Athletics’ dysfunctional marriage: can injury prevention be reconciled with performance training?

Show me a runner. You’re showing me someone who’s run through pain. Isn’t that true? When you’ve been in the middle of a long run and felt the beginnings of a shin splint, you’re finally in the club. But we can’t stop now! There’s miles to be logged. Our marathon training plan says 60 miles a week, and this long run is 17.

We’ve faced with having to ask the dreaded question: should I choose to continue this training, or should I choose to prevent the injury?

In a conversation with Kurt Marion, hotshot LMT at P.A.C.E. (Portland Athletic Center for Excellence), it became clear to me that many coaches felt that the advice given to their athletes by physical therapists and other sports rehab experts—stay off that leg; don’t play for two weeks—were in direct conflict with their goals of developing their athletes to be better performers.

In practice, many people—especially the fitness enthusiast—run through pain for weeks at a time, until an injury “blindsides” them. Many coaches push their athletes to do the same. Ignoring our better judgment, we become sabotaged by our own perseverance.

(The prevalence of a wide variety of exercise-related diseases, such as rhabdomyolysis, hypergymnasia and the female athlete triad, are strong examples of this trend).

In Critical Chain, Eli Goldratt explains how, in human systems, there often seem to be irreconcilable differences between two different objectives.

Going back to athletics, we can understand this as a conflict between philosophies: health professionals think that health is the foundation to athletic performance, while most coaches and athletes don’t believe that the way to increase performance is to increase health.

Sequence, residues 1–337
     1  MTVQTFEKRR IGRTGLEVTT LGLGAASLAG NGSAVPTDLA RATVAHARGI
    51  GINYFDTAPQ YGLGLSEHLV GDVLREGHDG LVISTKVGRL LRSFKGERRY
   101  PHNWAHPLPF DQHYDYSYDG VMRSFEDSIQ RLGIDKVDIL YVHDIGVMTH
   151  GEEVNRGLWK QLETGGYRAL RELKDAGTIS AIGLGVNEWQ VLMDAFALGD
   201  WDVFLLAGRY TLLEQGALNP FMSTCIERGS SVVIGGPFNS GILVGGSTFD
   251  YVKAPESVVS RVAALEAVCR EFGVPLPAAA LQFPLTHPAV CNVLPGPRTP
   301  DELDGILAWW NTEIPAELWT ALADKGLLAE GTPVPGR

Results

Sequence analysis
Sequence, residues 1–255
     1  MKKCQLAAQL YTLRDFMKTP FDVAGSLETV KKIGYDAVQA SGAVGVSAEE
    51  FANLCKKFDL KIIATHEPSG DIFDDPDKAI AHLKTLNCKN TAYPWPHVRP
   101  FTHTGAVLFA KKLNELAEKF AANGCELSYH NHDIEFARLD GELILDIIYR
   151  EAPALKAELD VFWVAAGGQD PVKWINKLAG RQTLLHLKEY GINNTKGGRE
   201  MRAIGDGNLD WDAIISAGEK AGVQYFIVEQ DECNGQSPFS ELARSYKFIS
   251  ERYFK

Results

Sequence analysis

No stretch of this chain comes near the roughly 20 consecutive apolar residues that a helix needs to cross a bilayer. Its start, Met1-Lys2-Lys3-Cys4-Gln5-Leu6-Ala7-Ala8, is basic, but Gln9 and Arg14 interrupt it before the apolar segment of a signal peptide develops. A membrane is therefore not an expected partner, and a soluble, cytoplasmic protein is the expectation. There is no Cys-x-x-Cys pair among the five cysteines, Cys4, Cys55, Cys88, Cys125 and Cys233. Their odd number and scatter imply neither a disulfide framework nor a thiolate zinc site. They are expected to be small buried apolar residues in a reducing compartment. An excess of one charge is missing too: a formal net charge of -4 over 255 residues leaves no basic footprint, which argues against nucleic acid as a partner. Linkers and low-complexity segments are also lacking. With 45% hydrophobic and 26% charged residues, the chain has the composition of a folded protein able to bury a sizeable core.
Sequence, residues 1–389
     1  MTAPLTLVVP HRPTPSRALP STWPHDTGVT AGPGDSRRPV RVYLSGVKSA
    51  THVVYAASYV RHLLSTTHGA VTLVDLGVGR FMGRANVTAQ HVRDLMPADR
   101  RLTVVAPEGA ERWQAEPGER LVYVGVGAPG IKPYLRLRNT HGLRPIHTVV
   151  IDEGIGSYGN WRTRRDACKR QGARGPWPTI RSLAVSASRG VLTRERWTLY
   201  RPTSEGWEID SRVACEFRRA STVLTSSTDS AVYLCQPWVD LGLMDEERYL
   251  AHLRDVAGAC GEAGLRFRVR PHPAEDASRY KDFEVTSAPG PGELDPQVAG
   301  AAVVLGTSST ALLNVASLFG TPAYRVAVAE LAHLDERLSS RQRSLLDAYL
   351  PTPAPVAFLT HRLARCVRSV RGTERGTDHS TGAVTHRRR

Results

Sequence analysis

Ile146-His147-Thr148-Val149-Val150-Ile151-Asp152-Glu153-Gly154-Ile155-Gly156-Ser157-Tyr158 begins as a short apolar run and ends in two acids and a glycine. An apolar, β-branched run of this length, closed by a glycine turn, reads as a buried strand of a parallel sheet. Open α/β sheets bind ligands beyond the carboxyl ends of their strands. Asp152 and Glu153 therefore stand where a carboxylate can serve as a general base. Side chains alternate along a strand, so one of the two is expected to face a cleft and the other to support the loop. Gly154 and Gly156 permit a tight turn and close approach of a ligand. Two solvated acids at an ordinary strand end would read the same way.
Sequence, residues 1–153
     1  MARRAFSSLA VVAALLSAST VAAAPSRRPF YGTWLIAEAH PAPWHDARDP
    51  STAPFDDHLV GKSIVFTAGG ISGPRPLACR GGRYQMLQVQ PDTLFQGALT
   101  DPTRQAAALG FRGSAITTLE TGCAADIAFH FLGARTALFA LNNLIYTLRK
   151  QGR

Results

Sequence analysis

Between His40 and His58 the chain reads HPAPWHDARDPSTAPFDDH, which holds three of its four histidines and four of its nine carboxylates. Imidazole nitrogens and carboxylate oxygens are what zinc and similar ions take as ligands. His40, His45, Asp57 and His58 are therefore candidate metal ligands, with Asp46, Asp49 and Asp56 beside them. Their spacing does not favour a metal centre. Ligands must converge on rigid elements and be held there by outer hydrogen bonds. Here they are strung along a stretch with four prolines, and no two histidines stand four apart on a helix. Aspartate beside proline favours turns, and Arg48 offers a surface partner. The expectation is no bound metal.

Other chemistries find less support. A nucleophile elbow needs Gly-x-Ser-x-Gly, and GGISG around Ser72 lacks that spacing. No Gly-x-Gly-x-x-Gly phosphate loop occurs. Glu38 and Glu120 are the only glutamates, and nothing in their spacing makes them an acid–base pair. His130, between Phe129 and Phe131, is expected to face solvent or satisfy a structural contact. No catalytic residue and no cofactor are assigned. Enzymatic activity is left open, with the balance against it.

This means that injury prevention and performance training are two necessary conditions in conflict, at least to us lay athletes and coaches: taking time off to prevent injury will mean less time spent training. Therefore, it’s impossible to increase performance as quickly by working on functional health. We can pose the problem as follows:

Injury and performance 2

This is where Theory of Constraints (TOC), the model that Goldratt is advancing, is so audacious. As Goldratt outlines,

“One of [the foundations of TOC] is that whenever we witness a conflict, it is a clear indication that someone has made a faulty assumption … that can be corrected, and by doing so the conflict removed.”

By Goldratt’s definition, the conflict between injury prevention and training is really up in our heads.

So is it?

The statistics of exercise-related injuries certainly seem to corroborate this: 30 to 90% of all running injuries result in a reduction in training. There is plenty of other anecdotal evidence that supports this: Alberto Salazar, elite disance runner turned elite coach, overtrained chronically until he basically destroyed his athletic ability. Today, he takes pains to protect his athletes from overtraining and injury—and they are raking in the medals.